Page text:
''My ice cream is finished'': North American English Equivalent

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Hello everyone,

I'd like to know the North American English equivalents to "finished" in "my ice cream is finished".

Anna: Daddy, my ice cream is finished.
John(daddy): Your ice cream is already finished? I'll buy some more.

Anna: Daddy, my ice cream___________.
John(daddy): Your ice cream is already_________? I'll buy some more.

Meaning intended: have no more left to eat, drink.


Thank you in advance!
 
  • Myridon

    Senior Member
    English - US
    I've eaten all the ice cream. (I'm a fat little pig!)
    The ice cream is all gone.
    There's no more ice cream.
    We're out of ice cream.
    There are probably quite a few more ways to say this. Did you have something more specific in mind? What do you mean by "my ice cream" - a single frozen treat or a whole gallon or ...?
     

    lucas-sp

    Senior Member
    English - Californian
    I think we would either say "My ice cream is [all] gone" as Myridon suggested or "I finished [all] my ice cream."

    I'm a little confused by you asking for the "equivalent" to this, because I would suspect that, even in BE, "My ice cream is finished" would mean "My ice cream is done, i.e. its preparation period is over and it is now ready to eat." It sounds like "I've finished cooking the ice cream," not "I've finished eating the ice cream."
     

    ewie

    Senior Member
    English English
    I'm a little confused by you asking for the "equivalent" to this, because I would suspect that, even in BE, "My ice cream is finished" would mean "My ice cream is done, i.e. its preparation period is over and it is now ready to eat." It sounds like "I've finished cooking the ice cream," not "I've finished eating the ice cream."
    :thumbsup:
    Whether it was a bowlful or a cone/cornet/99, British Anna would say I've finished my ice cream:)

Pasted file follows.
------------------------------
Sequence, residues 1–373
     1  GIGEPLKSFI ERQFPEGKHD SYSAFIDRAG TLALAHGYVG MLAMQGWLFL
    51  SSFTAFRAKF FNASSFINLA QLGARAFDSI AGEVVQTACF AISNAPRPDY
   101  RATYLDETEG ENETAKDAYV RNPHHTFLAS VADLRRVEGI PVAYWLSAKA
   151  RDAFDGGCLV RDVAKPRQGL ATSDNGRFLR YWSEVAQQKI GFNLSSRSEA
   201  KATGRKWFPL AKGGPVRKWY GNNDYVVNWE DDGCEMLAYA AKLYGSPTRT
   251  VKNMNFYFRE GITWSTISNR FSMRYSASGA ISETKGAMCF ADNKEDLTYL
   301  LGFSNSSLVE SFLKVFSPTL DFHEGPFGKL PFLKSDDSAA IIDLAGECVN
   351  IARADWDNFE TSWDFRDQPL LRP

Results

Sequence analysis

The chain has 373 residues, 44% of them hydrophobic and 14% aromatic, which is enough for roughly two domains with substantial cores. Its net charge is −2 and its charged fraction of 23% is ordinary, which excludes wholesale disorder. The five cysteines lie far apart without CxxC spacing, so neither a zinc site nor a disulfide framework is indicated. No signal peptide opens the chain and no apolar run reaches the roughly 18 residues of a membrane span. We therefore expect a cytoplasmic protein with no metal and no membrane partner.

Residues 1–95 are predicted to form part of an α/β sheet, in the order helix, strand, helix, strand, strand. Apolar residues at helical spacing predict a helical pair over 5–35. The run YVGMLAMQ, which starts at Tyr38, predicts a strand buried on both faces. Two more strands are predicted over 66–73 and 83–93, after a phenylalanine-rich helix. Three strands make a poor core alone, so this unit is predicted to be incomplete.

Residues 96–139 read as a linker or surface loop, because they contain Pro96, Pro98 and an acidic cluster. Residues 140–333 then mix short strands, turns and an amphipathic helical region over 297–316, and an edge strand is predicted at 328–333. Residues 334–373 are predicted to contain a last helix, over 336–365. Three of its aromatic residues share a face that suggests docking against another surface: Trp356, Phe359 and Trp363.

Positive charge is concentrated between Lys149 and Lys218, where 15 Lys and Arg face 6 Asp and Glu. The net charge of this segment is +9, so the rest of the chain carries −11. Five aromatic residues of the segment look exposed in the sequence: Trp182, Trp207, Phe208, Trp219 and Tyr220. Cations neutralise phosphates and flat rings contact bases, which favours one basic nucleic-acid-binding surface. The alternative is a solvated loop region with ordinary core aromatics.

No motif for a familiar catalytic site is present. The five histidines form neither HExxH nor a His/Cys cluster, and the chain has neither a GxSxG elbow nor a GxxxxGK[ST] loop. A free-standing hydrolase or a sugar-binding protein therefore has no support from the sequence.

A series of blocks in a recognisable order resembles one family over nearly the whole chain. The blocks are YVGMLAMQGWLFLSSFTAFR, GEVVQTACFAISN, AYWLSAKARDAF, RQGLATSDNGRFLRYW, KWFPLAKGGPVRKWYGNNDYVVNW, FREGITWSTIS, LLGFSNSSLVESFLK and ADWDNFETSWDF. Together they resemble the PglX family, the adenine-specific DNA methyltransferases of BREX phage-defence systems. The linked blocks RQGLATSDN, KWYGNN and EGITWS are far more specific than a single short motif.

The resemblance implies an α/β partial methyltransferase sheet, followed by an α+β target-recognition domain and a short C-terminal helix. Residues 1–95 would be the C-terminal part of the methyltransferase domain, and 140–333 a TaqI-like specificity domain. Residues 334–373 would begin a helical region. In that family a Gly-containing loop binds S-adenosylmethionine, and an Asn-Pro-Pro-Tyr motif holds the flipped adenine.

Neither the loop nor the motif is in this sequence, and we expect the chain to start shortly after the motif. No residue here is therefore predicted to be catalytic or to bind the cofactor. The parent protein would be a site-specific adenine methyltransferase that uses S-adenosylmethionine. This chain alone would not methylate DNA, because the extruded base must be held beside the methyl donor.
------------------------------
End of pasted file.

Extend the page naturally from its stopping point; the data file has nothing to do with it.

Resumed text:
Myridon

    Senior Member
    English - US
    Whether it was a bowlful or a cone/cornet/99, British Anna would say I've finished my ice cream:)
    Minor point: If it was a bowlful (or a single treat from an entire box), Daddy might not need to buy more. Would Anna necessarily know that "her" "ice cream" was the last ice cream (or the last of the ice cream).
     

    ewie

    Senior Member
    English English
    Minor point: If it was a bowlful (or a single treat from an entire box), Daddy might not need to buy more. Would Anna necessarily know that "her" "ice cream" was the last ice cream (or the last of the ice cream).
    Well, to be fair to Anna (and to Daddy, I suppose), Anna isn't saying I've finished my ice cream ~ buy me some more before I die of inanition. It's only Daddy who brings up the subject of buying more. Presumably Anna's unspoken thought is ... and I want some more, rather than ... and I'm thoroughly suffonsified. Maybe Anna is that type of little girlchild who would go into tantrum mode if deprived of ice cream for more than five minutes at a time ... (Erm ... I've forgotten what the point of this post was, if there was one.)
     

    lucas-sp

    Senior Member
    English - Californian
    I know this will drift off-topic, but just notice the difference between "The ice cream's finished" (in reference to this ice cream supply which we are all using) and "My ice cream's finished" (in reference to my personal amount of ice cream taken from a common supply). I think that's why your original sentence with "my" sounded a little odd to me.
     
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